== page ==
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(Code and Color Key)

Finite Verb or Verbal? The "To" Test (Ex # 6)
from Stories of Robin Hood Told to the Children, by Henrietta Elizabeth Marshall
Analysis Key

 
1. And the bishops allowed him to do so [#1]. |

2. She let them shout and bang [#2] {at her door} as much [Adv. to preceding "as" as they liked]. |

3. I will teach you how to use bow and arrows. [#3] |

4. [Adv. to "turned" When Richard had made Robin rise and stand [#4] {by his 

side}], he turned {to the men}. |

5. He hoped either to kill Robin or to take him prisoner, and bring him [#5] {to 

Nottingham} to have him hanged [#6] there. |


Notes
1. "So" here functions as a pronoun, the direct object of the infinitive "to do"; "him" is the subject of the infinitive, and the infinitive phrase functions as the direct object of "allowed."
2. "Them" is the subject of the infinitives "shout" and "bang"; the infinitive phrase functions as the direct object of "let."
3. "Bow" and "arrows" are direct objects of the infinitive "to use." The function of the infinitive can be explained in two ways, depending on how one explains "how." "How" can be considered a pronoun, the direct object of " will teach." In this explanation, "you" is the indirect object of "will teach" and the infinitive phrase based on "to use" functions as an adjective to "how." Alternatively, "how" can be considered an adverb to the infinitive "to use." In this view, "you" is the subject of the infinitive and the infinitive phrase functions as the direct object of "will teach."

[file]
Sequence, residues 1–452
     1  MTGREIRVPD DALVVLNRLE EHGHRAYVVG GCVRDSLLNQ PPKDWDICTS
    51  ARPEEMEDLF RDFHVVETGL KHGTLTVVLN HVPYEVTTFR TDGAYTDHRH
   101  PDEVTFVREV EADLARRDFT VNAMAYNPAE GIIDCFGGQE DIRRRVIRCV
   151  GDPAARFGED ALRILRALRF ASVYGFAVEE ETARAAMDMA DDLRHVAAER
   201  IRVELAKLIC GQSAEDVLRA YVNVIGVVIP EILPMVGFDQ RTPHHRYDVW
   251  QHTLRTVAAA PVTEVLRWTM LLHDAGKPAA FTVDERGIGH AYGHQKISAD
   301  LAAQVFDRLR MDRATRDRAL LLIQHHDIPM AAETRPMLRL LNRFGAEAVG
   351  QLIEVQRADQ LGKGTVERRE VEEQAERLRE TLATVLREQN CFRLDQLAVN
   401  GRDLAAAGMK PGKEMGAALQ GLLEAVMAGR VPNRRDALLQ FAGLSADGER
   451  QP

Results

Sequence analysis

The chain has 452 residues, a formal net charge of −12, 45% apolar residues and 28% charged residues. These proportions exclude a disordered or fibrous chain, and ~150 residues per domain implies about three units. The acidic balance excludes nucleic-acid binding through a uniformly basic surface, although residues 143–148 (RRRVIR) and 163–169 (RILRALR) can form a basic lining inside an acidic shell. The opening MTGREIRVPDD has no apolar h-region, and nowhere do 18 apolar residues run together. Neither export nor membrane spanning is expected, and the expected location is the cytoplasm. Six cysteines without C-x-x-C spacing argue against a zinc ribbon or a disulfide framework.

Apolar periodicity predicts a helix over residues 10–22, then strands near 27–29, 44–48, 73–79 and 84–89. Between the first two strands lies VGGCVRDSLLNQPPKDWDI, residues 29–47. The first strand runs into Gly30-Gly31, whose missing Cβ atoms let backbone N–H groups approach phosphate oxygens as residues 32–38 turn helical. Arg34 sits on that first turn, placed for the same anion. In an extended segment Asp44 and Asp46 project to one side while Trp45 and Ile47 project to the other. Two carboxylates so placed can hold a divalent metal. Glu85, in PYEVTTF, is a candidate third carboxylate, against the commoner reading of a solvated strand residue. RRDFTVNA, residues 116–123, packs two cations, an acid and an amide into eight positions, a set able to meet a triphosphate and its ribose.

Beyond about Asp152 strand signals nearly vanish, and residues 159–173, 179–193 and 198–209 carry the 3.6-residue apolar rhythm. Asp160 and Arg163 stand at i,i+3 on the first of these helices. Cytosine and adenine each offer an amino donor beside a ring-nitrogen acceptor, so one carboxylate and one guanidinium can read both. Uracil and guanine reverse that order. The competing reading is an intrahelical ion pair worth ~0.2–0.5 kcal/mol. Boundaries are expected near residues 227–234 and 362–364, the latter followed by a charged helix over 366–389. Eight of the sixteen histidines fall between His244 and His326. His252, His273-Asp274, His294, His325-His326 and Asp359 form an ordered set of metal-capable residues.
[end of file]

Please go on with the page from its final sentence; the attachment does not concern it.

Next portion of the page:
4. "Robin" is the subject of the infinitives "rise" and "stand." The infinitive phrase is the direct object of "had made."
5. "Robin" is the direct object of the infinitive "to kill"; "prisoner" is a predicate noun after an ellipsed infinitive ("to be"), the subject of which is "him" -- "him *to be* prisoner." This infinitive phrase functions as the direct object of the infinitive "to take." The second "him" is the direct object of the infinitive "to bring." The three infinitives ("to kill," to take" and "bring") are direct objects of "hoped."
6. "Him hanged" can be explained in at least two ways. The first, and probably the best, is to consider "him" as the subject, and "hanged" (a gerundive) as the predicate adjective, of an ellipsed infinitive -- "him *to be* hanged." This infinitive phrase functions as the direct object of "to have." At KISS Level Five, some students might prefer a different explanation and view "him hanged" as a noun absolute that functions as the direct object of "to have." The infinitive "to have" functions as an adverb (of purpose) to "bring."